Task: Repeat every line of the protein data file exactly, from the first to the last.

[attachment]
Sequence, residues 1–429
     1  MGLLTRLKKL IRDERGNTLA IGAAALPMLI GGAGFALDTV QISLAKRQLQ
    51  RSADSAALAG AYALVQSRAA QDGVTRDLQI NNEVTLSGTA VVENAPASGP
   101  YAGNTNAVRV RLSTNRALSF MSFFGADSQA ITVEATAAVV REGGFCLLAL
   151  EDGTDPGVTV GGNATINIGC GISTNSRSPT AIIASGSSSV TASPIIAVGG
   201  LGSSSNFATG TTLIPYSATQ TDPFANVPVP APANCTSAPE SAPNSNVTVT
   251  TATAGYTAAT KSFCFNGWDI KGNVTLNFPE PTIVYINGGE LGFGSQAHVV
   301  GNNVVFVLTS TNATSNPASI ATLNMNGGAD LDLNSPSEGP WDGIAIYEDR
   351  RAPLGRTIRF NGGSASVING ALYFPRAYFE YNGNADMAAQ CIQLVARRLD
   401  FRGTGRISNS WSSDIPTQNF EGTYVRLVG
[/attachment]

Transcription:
Sequence, residues 1–429
     1  MGLLTRLKKL IRDERGNTLA IGAAALPMLI GGAGFALDTV QISLAKRQLQ
    51  RSADSAALAG AYALVQSRAA QDGVTRDLQI NNEVTLSGTA VVENAPASGP
   101  YAGNTNAVRV RLSTNRALSF MSFFGADSQA ITVEATAAVV REGGFCLLAL
   151  EDGTDPGVTV GGNATINIGC GISTNSRSPT AIIASGSSSV TASPIIAVGG
   201  LGSSSNFATG TTLIPYSATQ TDPFANVPVP APANCTSAPE SAPNSNVTVT
   251  TATAGYTAAT KSFCFNGWDI KGNVTLNFPE PTIVYINGGE LGFGSQAHVV
   301  GNNVVFVLTS TNATSNPASI ATLNMNGGAD LDLNSPSEGP WDGIAIYEDR
   351  RAPLGRTIRF NGGSASVING ALYFPRAYFE YNGNADMAAQ CIQLVARRLD
   401  FRGTGRISNS WSSDIPTQNF EGTYVRLVG